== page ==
Four '˜bouncers' and a brilliant play that is standing the test of time
Theatre Royal Wakefield
We’ve all experienced bouncers in one way or another, whether we studied John Godber’s play Bouncers at school or have come across the real thing at a night club, writes Emma Vincent.
Which is why this classic tale of a Yorkshire night out relates to all of us on so many levels.
And it is why the playwright’s 1987 masterpiece continues to stand the test of time.
Now updated and rebooted for the 21st century and about to start a run at Theatre Royal Wakefield followed by a national tour, I caught up with the four actors - Frazer Hammill, Duncan Riches, Peter McMillan and Lamin Touray - who take on the roles of Lucky Eric, Les, Judd and Ralph.
Rehearsals began on January 7 ahead of its start in Wakefield on January 24 (it runs to February 2) with a meet and greet and read-through.
So, how’s it going?
“It’s great! Feels like we’ve been rehearsing for ages, not in a bad way. We’ve got through so much,” Frazer tells me.
Lamin agrees: “Rehearsals have been going great, really fast paced and enjoyable.”
What preparation have you done for your characters
“Well in terms of prep, it’s always nice to get the script nice and early,” says Duncan.
“I think because it’s been around for as long as it has, you can look back and see all the different styles. Even though we’re doing something completely different with it, it’s nice to know where it’s been.”
Peter says: “I’ve just drawn from nights out really. I remember when I first started going out and there was this one bouncer who would just not let me in every week to this club.
“It was really random, like over 19s only.
“I said - ‘Do you not think I look 18?’
He said, ‘Oh no, no you look 18’. Then I said – ‘Do you think I look 19?’
“And he said NO!’
“He used to just give me a glassy stare and say - ‘Not tonight lads’.
“He had a kind of arrogance and a swagger. That easy sense of power is what we’ve all been directed on.”
For some of the cast, this wasn’t their first involvement with the play.
Lamin tells me he’s seen the play performed before a couple of times.
“I loved it! To be working with John on this masterpiece is amazing.”
Godber’s last production of Bouncers in 2015 featured Frazer in a different role.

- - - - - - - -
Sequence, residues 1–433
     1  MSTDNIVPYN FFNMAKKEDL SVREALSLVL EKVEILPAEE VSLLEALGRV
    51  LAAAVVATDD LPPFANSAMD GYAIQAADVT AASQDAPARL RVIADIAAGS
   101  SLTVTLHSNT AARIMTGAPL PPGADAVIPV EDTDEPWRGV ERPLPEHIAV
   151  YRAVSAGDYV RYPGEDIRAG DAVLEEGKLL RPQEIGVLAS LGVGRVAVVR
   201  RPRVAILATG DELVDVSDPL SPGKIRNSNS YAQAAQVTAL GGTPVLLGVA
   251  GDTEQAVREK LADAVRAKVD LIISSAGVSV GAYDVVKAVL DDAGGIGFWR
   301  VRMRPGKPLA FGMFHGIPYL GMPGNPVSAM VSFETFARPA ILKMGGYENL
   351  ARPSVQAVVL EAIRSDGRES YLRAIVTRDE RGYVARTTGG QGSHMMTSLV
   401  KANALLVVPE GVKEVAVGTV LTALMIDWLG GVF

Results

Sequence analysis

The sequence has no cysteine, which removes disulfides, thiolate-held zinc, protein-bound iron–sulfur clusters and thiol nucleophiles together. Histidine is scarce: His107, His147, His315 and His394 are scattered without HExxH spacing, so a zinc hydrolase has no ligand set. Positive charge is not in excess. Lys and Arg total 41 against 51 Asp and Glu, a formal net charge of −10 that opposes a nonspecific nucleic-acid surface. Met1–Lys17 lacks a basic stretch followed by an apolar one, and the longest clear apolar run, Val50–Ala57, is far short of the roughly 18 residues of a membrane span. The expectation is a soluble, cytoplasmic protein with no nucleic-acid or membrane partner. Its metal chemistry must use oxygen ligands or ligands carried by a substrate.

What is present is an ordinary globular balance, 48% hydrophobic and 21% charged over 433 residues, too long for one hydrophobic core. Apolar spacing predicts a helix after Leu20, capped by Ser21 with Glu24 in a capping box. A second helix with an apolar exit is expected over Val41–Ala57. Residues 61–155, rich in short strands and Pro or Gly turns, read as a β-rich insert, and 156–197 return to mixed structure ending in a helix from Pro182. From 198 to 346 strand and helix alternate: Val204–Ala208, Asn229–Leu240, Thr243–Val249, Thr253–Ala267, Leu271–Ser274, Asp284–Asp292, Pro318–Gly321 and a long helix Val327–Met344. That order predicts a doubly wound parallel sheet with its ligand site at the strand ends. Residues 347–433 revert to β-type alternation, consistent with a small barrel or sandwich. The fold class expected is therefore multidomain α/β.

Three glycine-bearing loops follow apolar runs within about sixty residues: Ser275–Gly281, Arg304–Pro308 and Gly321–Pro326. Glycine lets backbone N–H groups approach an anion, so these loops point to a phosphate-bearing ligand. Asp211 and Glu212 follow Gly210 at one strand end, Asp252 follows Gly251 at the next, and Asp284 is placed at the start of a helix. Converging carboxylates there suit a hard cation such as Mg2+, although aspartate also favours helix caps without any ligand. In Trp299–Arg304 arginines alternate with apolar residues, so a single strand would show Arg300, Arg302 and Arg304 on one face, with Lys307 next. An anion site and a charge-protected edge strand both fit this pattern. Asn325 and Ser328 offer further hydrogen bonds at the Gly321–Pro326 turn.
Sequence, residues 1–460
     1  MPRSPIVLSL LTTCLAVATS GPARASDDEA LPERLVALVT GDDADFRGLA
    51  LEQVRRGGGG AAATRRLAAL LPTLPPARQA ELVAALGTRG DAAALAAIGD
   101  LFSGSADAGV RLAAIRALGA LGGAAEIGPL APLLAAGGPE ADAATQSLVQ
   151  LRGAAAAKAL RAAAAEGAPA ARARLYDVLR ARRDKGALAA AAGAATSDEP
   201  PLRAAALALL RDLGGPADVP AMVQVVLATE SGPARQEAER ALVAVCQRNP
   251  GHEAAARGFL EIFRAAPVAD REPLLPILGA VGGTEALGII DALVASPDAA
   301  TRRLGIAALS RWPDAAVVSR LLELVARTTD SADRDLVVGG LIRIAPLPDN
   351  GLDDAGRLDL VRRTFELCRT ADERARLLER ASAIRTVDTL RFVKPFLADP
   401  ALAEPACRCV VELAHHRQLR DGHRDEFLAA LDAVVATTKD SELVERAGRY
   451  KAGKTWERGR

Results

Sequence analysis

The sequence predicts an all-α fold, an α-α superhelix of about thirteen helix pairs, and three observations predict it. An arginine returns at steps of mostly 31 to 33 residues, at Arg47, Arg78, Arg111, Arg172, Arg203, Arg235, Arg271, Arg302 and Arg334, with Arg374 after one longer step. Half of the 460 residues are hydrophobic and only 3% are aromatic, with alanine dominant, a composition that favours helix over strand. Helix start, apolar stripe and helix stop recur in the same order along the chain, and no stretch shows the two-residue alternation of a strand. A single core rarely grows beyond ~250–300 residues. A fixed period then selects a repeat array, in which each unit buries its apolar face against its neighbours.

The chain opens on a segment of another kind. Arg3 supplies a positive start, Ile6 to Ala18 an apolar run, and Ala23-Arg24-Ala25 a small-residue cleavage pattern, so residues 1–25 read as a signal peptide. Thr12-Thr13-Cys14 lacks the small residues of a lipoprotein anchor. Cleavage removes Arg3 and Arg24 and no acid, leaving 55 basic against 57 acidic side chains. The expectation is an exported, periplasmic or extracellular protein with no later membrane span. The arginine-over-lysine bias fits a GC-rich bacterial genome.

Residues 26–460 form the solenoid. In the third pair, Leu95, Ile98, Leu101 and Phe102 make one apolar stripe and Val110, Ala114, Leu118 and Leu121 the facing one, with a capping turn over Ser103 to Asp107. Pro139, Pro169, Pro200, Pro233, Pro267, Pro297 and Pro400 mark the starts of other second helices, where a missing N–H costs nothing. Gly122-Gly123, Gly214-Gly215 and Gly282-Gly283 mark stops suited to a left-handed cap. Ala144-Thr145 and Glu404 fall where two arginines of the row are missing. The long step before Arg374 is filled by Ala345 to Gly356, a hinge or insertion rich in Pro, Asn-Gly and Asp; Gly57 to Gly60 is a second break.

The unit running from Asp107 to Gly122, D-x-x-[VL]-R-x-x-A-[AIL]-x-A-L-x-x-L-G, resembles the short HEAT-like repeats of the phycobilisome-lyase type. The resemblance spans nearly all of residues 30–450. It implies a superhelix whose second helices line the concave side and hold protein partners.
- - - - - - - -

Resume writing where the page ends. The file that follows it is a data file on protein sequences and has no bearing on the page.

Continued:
He explained how the story has changed since then.
“Last time was a completely different version.
“In certain scenes last time there seemed to be an established way of doing those scenes, whereas this time, it’s so different because it’s a fresh cast and it’s been really nice to explore.
“Although I’ve heard the play hundreds of times, I’m finding little lines in there that I’ve heard for the first time. It’s nice to be a part of this completely fresh take on it.”
Any trouble with bouncers in the past? I had to ask!
“Me definitely!” jokes Duncan.
“I normally stay out of trouble,” confesses Lamin. “One time a bouncer said there was no chance me and my mates would get in, but I made it my personal mission to change his mind and persuade him.
“It actually ended up really well and we struck up a weird friendship and now follow each other on social media.”
“I was trying to get into a club,” says Duncan.
“It started off fairly normal, one bouncer checked my ID and waved me in, then I got another bouncer with a metal detector.
“Never happened before in my life! He ran this metal detector all along my arms, up and down my legs, up my back… I thought, what on earth is going on?!
“Are you sure you weren’t at an airport?’ Peter laughs.
“It was a bit scary!” adds Duncan. “It sort of woke me up to what they have to do now, it was proper intense.”
Now it’s back to rehearsals for these four until opening night.
Bouncers opens at Theatre Royal Wakefield on Thursday, January 24 and runs till Saturday, February 2 before heading out on its UK tour.
You can book tickets now by calling the Theatre Royal Wakefield Box Office on 01924 211 311 or alternatively visit theatreroyalwakefiel.co.uk.
And remember, if you haven’t got a ticket, you’re not coming in!